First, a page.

May 13 2013
We are delighted to inform you of a recent and unexpected development for Huddersfield Rugby League: A Lasting Legacy.
Tomorrow, Wednesday May 15th 2013, Brian Heywood (Project Manager) will be visiting the House of Commons in London following an official invitation to meet the various MPs, Peers and other guests. He has been asked to talk to the assembled guests in the room about the project, in particular what difference the Heritage Lottery Funded project is/will be making to our local community's understanding of the First World War.
This is a very rewarding opportunity that reflects the time and dedication given to the project by Brian Heywood, our invaluable Steering Group and many others who have contributed to date.
To be representing Huddersfield, Rugby League and our precious Heritage on a national stage is a fantastic honour and will hopefully boost the project as it continues to expand and excel above all expectations over the coming months.
May 15 2013
Below are links to reports about yesterday's HLF launch (to Daily Telegraph and HLF websites). The event was held in the Terrace Pavilion of the House of Commons and was attended by over 150 MPs. The fund is
1 million per year for six years for local communities to commemorate the Great War, grants ranging from 3,000 to 10,000. The process, from application to allocation is expected to be 8 weeks.
The four who shared the presentation at the event, Patricia McCarthy (who won the National Poetry Competition 2013 with 'Clothes that escaped the Great War'), Dame Jenny Abramsky, (Chairman of the HLF), Maria Miller, (Secretary of State for Media,Culture and Sport), and Dr Andrew Murrison, (Conservative MP for Westbury and the Prime Ministers special representative for the centenary of World War I)
Brian Heywood talking to Agnieszka Kandouci, Parliamentary Researcher to Mark Garnier, MP for Wyre Forest
Brian Heywood talking to Dr Andrew Murrison
Brian Heywood with Dr Andrew Murrison
National Recognition for Huddersfield Giants Heritage Project
Huddersfield Rugby League: A Lasting Legacy and its project manager, Brian Heywood, visited the House of Commons in Westminster following an official invitation to meet over 150 MPs and Peers from across the United Kingdom. This was in recognition of the projects work in helping the Huddersfield community to understand the experiences of local people during the Great War.
The event, staged in the House of Commons Terrace Pavilion, launched the Heritage Lottery Funds 6 million grants programme, First World War: Then and Now which will enable local communities, to commemorate, conserve and share their Great War experiences.
Huddersfield Rugby League: A Lasting Legacy was one of six projects nationwide selected to talk about their programme.
It is good to know that the HLF is happy with what we are doing, said Mr Heywood. The foresight to include World War I in our Activity Plan back in 2011 has enable us be well prepared for 2014 and be recognised at events such as this. The support of our superb steering group and all local volunteers has so far been invaluable, without whom our project would be impossible.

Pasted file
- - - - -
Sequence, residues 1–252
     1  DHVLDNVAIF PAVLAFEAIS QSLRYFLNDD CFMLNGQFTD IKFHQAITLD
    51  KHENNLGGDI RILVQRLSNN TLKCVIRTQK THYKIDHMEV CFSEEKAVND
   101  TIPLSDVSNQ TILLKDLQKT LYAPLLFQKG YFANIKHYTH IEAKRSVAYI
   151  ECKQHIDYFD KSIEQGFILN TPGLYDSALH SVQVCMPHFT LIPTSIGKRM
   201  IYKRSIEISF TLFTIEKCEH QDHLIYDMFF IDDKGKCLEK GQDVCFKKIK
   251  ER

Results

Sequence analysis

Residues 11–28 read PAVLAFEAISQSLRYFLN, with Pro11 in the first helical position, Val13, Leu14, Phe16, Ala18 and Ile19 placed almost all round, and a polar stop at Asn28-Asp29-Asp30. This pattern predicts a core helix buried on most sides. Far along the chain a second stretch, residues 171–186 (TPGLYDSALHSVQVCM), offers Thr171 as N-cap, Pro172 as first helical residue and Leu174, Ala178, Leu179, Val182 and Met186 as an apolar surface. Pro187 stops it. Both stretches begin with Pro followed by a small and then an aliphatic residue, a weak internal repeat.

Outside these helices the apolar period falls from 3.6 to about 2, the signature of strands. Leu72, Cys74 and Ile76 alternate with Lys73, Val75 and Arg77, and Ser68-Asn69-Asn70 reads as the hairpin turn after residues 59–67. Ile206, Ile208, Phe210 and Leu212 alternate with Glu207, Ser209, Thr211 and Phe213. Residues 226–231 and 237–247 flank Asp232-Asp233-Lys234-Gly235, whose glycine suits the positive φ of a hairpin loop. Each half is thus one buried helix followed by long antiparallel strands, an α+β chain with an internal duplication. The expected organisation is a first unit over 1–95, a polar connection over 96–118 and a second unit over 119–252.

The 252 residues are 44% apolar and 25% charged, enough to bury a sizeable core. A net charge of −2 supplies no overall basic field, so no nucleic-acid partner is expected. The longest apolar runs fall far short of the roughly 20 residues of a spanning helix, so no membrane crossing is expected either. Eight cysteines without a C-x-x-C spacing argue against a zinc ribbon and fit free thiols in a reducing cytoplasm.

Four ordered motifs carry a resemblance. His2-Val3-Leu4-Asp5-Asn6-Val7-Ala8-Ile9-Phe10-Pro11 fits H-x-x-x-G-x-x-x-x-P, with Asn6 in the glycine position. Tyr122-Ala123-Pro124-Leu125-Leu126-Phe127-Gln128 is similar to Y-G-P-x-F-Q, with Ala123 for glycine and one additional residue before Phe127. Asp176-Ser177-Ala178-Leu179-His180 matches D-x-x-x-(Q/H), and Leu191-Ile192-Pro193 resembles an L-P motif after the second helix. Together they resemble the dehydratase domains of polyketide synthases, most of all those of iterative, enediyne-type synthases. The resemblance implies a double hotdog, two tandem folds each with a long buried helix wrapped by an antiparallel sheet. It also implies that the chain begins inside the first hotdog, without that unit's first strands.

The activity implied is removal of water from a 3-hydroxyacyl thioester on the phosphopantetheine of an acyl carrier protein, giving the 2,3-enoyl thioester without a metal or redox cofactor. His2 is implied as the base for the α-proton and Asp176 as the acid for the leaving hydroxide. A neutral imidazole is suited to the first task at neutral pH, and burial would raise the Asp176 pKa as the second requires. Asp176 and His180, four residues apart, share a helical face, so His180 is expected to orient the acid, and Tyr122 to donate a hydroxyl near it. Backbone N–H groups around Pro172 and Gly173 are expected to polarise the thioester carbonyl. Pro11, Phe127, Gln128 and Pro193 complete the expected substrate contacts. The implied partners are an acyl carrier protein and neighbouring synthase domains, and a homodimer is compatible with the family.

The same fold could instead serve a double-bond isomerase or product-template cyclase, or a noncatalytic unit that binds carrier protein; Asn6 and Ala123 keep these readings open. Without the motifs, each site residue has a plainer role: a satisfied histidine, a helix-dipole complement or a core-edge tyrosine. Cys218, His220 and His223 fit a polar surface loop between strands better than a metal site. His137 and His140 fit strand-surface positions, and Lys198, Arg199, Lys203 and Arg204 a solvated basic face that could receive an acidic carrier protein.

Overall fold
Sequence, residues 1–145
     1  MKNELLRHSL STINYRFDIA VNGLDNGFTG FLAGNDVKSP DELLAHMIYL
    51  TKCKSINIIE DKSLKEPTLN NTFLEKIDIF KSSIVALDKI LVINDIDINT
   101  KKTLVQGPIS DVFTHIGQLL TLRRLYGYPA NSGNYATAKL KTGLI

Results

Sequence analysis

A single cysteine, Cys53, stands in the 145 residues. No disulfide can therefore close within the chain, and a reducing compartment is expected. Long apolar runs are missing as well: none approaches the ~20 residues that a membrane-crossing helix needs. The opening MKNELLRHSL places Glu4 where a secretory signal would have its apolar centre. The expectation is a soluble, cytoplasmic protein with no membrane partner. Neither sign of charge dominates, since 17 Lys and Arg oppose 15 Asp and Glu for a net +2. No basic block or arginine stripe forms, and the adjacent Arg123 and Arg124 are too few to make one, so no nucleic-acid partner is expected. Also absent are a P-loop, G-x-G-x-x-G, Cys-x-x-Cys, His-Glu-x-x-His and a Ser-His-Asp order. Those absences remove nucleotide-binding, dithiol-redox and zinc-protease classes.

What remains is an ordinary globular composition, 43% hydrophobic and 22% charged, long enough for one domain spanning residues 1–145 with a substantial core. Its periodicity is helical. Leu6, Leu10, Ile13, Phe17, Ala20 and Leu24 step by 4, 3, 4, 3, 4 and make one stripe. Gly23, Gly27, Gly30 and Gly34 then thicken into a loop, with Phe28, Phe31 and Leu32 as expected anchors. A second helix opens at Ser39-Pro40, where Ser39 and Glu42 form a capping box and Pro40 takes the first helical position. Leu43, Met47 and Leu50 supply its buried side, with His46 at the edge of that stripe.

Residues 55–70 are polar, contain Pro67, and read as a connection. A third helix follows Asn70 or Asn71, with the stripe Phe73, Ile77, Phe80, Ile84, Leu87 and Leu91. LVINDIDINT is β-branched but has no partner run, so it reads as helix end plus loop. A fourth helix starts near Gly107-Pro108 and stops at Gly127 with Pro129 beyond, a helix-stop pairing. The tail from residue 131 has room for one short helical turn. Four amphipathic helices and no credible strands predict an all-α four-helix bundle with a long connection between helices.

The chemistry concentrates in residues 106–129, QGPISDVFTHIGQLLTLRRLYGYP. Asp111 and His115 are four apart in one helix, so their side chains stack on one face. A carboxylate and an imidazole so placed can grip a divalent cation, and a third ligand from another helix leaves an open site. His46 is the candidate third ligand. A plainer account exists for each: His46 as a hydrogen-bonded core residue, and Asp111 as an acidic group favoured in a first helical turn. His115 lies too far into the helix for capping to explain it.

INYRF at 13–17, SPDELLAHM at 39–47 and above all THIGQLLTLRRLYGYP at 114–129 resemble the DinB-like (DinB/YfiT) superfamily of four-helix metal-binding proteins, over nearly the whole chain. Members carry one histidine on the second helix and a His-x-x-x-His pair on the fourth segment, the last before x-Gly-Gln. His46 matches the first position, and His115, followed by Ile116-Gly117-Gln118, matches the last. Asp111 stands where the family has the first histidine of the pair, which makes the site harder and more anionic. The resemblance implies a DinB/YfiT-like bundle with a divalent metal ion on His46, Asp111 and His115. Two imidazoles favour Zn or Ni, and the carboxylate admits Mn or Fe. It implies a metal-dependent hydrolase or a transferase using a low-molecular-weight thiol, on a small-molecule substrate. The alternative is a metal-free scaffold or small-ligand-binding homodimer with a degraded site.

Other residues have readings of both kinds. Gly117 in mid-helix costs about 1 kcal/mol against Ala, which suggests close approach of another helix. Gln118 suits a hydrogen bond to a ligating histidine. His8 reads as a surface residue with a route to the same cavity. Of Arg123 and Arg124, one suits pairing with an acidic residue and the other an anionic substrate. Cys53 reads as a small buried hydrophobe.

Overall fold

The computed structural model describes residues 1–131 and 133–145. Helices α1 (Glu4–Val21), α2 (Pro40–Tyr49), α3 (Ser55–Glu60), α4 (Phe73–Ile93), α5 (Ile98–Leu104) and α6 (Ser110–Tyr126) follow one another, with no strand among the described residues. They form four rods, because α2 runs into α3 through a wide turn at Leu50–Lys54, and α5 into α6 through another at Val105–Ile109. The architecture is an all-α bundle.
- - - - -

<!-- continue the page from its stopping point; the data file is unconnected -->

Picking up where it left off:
The HLF was particularly keen for us to stress the partnerships we have built in Huddersfield. Local university students are helping to research and write our Huddersfield in World War I book, the first to cover the entirety of the war in the town. The local history and civic societies are assisting with invaluable advice for the book. Our World War I Town Centre Trail is being produced in partnership with Discover Huddersfield, which is itself an amalgamation of several local organisations. The book and trial will both be published in 2014, in time for the centenary of the start of the war.
Our major link between rugby league and the war is Huddersfields Team of All Talents, winners of all four available trophies in 1914-15. Most of these players went to war and two of them, international forward Fred Longstaff and the reserve teams Edward Haigh, did not return. One of our volunteers, David Gronow has transcribed the 1917 war diary of another international, Douglas Clark. Douglass diary ends when he is invalided out of the war with 90% injuries and the Military Medal for bravery after which he defied medical advice by not only playing again, but regaining his international place and later becoming All-in Wrestling Champion of the World. Since publicising Douglass story we have been approached by two playwrights and a filmmaker who want to put his story onto stage and screen.
Huddersfield in World War I will also be a unit of our local history scheme of work, which is free to local schools, and feature in our main exhibition at the Tolson Museum, which opens in October.
This is just one exciting event in a calendar of activities for the project that will be working across the local community until November 2014.
It was a great honour for our project to represent Huddersfield, Rugby League and our precious heritage on a national stage and just reward for our fantastic volunteers whose work continues to boost the project above and beyond all expectations.